An image of president Muhammadu Buhari


To avert the country’s impending economic collapse, Nigerian governors have advised the federal government to retire all federal civil servants over the age of 50.

The governors also want the government to raise taxes across the board and levy anyone earning N30,000 or more per month.

The governors made the proposal during a meeting with President Muhammadu Buhari

The proposal also urged the government to begin implementing the updated Stephen Oronsaye Report, which advocated for the merger and closure of agencies and parastatals with duplicated or contested functions in order to address bureaucratic inefficiency and lower the cost of governance.

Officials familiar with the meeting’s details  said the governors were concerned about the state of the economy and presented the federal government with a proposal to restore fiscal discipline.

The federal civil service employs approximately 89,000 people but will spend approximately N4.1 trillion on personnel costs this year, out of a total N17 trillion budget for the country. It is unclear how many workers are over 50, or how much money they receive.

The suggestion comes as signs emerge that the country may be on the verge of economic collapse.

According to the online publication, Nigeria’s external reserves are only $15 billion, far less than the bank’s claimed $36 billion balance on gross external reserves. With the country spending N5.9 trillion on imports in the first three months of the year, $15 billion in reserves would barely cover four months of imports.

Last week, it was revealed that the balance in Nigeria’s Excess Crude Account had been significantly depleted, falling from $35.37 million to $376,655, leaving the country with no buffers to stabilize the economy and its currency. Another sign that the country was bankrupt recently emerged when debt service exceeded revenue.

According to details of the 2022 fiscal performance report for January through April, Nigeria’s total revenue stood at N1.63 trillion while debt servicing stood at N1.94 trillion, showing a variance of over N300 billion.

The governors advised the federal government to immediately reduce expenditure by eliminating petrol subsidies and NNPC-funded projects, to cap the Social Investment Programme (SIP) and National Poverty Reduction with Growth Strategy (NPRGS) budgets at N200 billion, to eliminate extra-constitutional deductions from FAAC, and to reduce SWV items for SDG and NASS Constituency projects.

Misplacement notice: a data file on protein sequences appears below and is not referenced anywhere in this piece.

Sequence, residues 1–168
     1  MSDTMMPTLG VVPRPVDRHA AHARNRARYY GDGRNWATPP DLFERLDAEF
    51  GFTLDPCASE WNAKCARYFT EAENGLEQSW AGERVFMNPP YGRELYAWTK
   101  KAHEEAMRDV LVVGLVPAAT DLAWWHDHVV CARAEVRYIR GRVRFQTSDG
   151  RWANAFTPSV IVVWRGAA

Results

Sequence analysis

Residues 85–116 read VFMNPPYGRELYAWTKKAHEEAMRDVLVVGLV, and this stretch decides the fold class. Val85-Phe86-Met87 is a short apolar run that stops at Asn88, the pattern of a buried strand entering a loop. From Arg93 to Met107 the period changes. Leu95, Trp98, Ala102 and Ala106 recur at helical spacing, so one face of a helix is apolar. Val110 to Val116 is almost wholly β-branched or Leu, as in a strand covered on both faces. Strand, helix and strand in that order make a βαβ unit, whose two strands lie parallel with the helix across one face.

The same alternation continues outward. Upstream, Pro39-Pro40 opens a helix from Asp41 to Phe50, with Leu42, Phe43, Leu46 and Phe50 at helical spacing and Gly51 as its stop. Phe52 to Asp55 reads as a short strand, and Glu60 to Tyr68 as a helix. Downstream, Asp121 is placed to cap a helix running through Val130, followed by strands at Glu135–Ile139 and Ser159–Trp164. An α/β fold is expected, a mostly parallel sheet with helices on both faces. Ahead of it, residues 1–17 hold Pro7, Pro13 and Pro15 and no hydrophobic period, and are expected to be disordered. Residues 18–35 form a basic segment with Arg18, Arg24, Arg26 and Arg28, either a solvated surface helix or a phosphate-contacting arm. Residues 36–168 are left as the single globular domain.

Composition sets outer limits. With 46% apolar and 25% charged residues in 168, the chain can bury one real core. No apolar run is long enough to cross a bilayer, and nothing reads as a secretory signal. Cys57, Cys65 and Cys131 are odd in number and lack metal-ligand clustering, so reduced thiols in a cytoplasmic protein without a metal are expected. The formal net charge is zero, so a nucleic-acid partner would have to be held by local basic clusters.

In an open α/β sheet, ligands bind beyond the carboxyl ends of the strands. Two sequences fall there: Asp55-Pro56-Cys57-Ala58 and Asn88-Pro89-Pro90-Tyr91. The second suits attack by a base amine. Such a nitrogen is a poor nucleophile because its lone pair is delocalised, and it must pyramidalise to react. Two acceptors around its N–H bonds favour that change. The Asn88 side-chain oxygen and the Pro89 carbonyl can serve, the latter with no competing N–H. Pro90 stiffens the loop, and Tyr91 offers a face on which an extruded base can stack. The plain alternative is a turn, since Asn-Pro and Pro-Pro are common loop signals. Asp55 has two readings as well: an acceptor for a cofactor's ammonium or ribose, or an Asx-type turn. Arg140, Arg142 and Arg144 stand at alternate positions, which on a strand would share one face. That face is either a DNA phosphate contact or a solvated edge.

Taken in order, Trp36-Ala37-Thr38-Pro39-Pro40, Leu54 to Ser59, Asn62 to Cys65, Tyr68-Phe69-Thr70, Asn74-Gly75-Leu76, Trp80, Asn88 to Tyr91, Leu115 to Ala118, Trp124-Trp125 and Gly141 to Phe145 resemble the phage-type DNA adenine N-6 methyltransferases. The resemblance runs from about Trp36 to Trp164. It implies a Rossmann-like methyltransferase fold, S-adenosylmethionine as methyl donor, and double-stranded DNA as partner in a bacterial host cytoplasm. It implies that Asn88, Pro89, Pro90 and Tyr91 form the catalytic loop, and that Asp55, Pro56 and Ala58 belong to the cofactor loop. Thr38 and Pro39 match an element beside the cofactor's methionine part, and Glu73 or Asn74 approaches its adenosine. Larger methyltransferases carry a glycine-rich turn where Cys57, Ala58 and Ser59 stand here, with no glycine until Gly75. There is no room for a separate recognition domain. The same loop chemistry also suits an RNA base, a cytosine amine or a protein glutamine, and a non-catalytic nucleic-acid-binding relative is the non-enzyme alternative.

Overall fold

According to sources, the governors also requested that the government reduce duplications (e.g., empowerment programs) and waste, reduce the one percent grant to NASENI to 0.2 percent, amend the Act in the 2022 Finance Bill, reduce personnel costs of federal government MDAs, and expedite the privatization of non-performing assets such as the NDPHC power plants.

Similarly, the governors urged that the 2023-2025 MTEF reflect the governors’ recommendations and the government’s commitment to restoring fiscal discipline, while the planned 22 percent salary increase in 2023 be reconsidered. They also stated that the fiscal deficit should be kept to no more than 2% of GDP in 2023-2025.

Foreign Exchange and Reserves

To conserve foreign exchange and increase reserves, the governors proposed that MDAs, including budgetary-independent agencies such as FIRS, NPA, NIMASA, and NCC, postpone foreign trips for at least one year.

They also urged the Ministry of Foreign Affairs not to issue Visa requests to foreign embassies for federal government officials and their families unless the presidency expressly approves.

The governors also proposed shifting from state income taxation to consumption taxation, arguing that with the implementation of a 3 percent federal income tax, state-level PIT should be eliminated.

Similarly, they proposed enacting state sales taxes (at a flat rate of 10%) for the 36 states and the FCT, increasing VAT levels to 10% with a timeline to raise it to 15% to 20%, and re-introducing and passing VAT into the Exclusive List. It was unclear whether all governors agreed with the move of VAT to the exclusive list.